Healing with Essential Oils
By Kate Field
I remember discovering essential oils on two separate occasions: once as a teenager in a head shop in the Connecticut suburbs, and once again as a young woman in the Sierra Nevada Mountains of California. The first oil came in a small glass vial labeled “patchouli”; the second as a crystalized resin embedded in a freshly cut round of ponderosa pine. The patchouli smelled like rotting earth, my mother complained. And the pine reminded me of the turpentine my father kept in our garage back home.
Years later, I learned that volatile oils, or “essential” oils, are made up of different chemical compounds found in plants. The combination of chemicals creates a scent profile for that particular species. It is the high concentration of sesquiterpines in decaying patchouli leaves and the terpenes in pine that largely influence their unique scents. Not only are these oils aromatic, they also provide key benefits to the plant. The oils in the ponderosa pine, which stood dead on the ground and in the snow for many years, protected it from bugs, mycelium, and other decomposing factors.
How are essential oils made?
Humans have used plants for their aromatic and healing properties for at least 9,000 years, though I imagine it’s more likely since the beginning of time. Some of the earliest methods of extraction included steeping plant material in a carrier oil of animal fat, nut, or seed to form ointments and salves. Today, you can buy essential oils in vials and use them for their antibacterial, antifungal, antiviral, digestive, immune-boosting, antidepressant, aphrodisiac, diuretic, moisturizing, analgesic (pain-relieving), and sedating benefits, to name just a few.
Steam distillation is the most common form of essential oil extraction. Material is placed into a still. Pressurized steam rises and passes through the material, opening the cell walls of the plant. Then, the essential oils evaporate and rise with the steam into a cooling chamber in the still. As the vapor is cooled, the water and oil return to their liquid state and are separated into essential oil and hydrosol (aromatic water). To gain perspective on the enormity of this process, it takes between 2,000 and 5,000 pounds of rose petals to yield 1 pound of rose essential oil. Wow! Due to the highly concentrated nature of essential oils, I recommend purchasing organic or wildcrafted oils.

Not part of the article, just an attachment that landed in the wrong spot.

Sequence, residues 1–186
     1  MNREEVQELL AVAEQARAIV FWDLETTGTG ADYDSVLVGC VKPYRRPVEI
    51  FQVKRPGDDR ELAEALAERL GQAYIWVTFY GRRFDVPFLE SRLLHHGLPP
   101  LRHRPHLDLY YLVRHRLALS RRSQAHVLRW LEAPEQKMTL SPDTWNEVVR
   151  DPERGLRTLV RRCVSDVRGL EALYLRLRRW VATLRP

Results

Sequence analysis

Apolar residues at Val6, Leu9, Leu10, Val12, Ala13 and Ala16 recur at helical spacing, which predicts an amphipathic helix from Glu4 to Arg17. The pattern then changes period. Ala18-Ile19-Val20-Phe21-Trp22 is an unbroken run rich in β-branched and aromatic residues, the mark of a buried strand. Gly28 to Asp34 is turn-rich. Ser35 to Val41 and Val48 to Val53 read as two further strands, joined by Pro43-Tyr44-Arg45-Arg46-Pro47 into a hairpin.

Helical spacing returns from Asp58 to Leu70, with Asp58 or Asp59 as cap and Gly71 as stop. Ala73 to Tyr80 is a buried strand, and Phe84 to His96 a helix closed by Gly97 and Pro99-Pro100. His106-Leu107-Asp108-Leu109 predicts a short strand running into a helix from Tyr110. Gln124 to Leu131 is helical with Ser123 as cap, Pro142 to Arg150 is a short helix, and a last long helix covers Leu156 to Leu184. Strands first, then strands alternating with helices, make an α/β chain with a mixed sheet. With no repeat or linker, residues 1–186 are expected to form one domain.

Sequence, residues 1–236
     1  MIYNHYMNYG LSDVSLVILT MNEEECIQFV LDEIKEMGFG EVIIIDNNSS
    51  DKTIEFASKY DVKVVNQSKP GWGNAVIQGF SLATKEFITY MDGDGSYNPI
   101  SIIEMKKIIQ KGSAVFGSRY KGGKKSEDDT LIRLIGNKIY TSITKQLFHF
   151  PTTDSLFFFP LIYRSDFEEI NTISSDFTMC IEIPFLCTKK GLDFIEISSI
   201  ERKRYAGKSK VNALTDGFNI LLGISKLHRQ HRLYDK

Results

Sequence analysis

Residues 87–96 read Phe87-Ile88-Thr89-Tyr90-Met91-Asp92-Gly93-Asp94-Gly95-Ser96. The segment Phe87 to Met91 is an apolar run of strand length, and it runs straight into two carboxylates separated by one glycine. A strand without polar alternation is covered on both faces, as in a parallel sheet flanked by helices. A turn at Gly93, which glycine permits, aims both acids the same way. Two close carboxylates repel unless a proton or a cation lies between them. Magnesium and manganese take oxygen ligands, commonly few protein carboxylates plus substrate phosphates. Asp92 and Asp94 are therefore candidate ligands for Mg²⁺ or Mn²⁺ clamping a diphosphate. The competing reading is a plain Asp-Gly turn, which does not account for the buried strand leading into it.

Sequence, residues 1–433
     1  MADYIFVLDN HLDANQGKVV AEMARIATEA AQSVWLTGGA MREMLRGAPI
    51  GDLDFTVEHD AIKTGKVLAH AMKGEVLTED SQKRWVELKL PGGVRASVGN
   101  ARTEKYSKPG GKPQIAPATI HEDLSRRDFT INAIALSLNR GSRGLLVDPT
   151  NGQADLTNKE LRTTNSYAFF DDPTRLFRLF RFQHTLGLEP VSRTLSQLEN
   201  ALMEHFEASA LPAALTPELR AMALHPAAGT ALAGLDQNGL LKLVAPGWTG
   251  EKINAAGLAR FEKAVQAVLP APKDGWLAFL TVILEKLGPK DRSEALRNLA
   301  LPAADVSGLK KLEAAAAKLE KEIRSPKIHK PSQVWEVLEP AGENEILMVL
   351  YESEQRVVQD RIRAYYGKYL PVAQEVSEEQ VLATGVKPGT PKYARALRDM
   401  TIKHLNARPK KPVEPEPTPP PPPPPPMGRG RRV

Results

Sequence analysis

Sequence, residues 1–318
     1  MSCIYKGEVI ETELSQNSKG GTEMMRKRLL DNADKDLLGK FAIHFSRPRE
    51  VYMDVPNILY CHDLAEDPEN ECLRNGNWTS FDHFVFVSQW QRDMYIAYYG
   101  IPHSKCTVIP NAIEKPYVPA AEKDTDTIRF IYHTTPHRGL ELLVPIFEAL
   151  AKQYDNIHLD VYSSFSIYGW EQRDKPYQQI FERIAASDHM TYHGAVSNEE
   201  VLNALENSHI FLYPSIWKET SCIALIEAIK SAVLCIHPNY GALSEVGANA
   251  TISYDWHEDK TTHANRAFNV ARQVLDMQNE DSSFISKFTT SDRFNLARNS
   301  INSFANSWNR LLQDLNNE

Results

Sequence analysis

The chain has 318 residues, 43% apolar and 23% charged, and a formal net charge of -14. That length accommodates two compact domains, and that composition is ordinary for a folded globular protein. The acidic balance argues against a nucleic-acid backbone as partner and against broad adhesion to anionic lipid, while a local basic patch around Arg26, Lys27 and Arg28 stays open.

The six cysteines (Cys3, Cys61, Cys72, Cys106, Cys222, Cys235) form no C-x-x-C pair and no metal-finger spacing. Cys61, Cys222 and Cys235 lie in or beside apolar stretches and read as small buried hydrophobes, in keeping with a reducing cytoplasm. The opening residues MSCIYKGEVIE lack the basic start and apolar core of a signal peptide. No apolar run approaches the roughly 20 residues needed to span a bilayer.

How do you use them?
Essential oils are absorbed into the body via the skin or airway and used to treat a plethora of different conditions. Some parents rub immune-boosting essential oils (see sidebar) into the soles of their children’s feet to reduce the number and severity of colds and sickness. This is great practice for adults, too, as our foot soles contain large pores for absorption and reflexology points that aid our various bodily systems. You can also use a body mist as a subtle perfume that shifts energy. Lavender, one of the most well-known essential oils, relaxes the mind and helps with insomnia, anxiety, fear, or general nervousness. Use rose for deep sorrow and grief—its comforting smell gives a sense of hope (a good one to remember when the winter blues settle in).
One of the lesser-known, yet significant, benefits of using essential oils is their ability to promote vitality by increasing the vibrational frequency of the human body. Rose oil has one of the highest frequencies, measuring anywhere between 52 to 320 MHz (in comparison, processed food measures in at 0 MHz). Just a few drops a day can change the function of the immune system and the state of consciousness.
Where do I start?